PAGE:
Shares of oil stocks are crashing today -- and it just so happens to coincide with a drop in oil prices. As of 10:30 a.m. EDT, the price of a barrel of West Texas Intermediate crude oil is down 5.2% to $58.20, and that price drop is taking oil stocks with it. Here are some of the notable companies that are down significantly at the time of this writing:
What may seem surprising is that most of the oil and gas companies taking it on the chin today don't generate revenue from the direct sale of the commodities. Instead, their business is greatly determined by the capital spending budgets of those that do. For years, this industry has suffered from smaller capital budgets as companies have been less than willing to spend on wells to explore for new sources.
It's sophomoric to say that this one price drop is going to devastate these companies. Oil demand is still immense and growing, and this is a cyclical business that perpetually over- and underinvests. The concern surrounding these companies likely has to do with where those new capital spending dollars will go.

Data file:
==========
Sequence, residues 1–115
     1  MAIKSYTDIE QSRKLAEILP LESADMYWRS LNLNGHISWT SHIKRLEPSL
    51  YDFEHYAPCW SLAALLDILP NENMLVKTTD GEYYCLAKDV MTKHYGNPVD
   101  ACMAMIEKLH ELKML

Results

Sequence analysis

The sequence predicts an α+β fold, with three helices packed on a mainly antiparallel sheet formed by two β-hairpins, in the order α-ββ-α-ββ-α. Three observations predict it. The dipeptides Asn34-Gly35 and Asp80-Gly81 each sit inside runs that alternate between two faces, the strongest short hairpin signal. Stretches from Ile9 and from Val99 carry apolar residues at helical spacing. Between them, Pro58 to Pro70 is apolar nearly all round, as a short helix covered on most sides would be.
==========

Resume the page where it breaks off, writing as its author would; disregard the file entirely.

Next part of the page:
Part of the reason oil prices are falling today is a U.S. Energy Information Administration report that says crude oil inventories are at a two-year high in the U.S. and that American crude oil production rose to 12.2 million barrels per day.
Some of the reaction is obviously based on the short-term implications: Higher inventories mean less incentive to drill and therefore less work for Nabors and Superior. The longer-term ramification is that shale oil is growing so fast in the U.S. that it's possible that the need for other, more expensive sources of oil, such as offshore reservoirs, will decrease. If that were to happen, offshore drillers will end up fighting over fewer contracts.
It's a long-shot possibility that today's oil price drop and the EIA data are going to have a long-term impact. Inventory data in the U.S. make wild swings all the time. For every news story on higher inventories, there is another that could justify higher oil prices in the future.
Oil and gas is a cyclical business, and eventually, capital spending, which has suffered from shortages over the past few years, should catch up to the industry. When that happens, oil services companies will likely see significant upticks in revenue. How long that takes, though, is anyone's guess.
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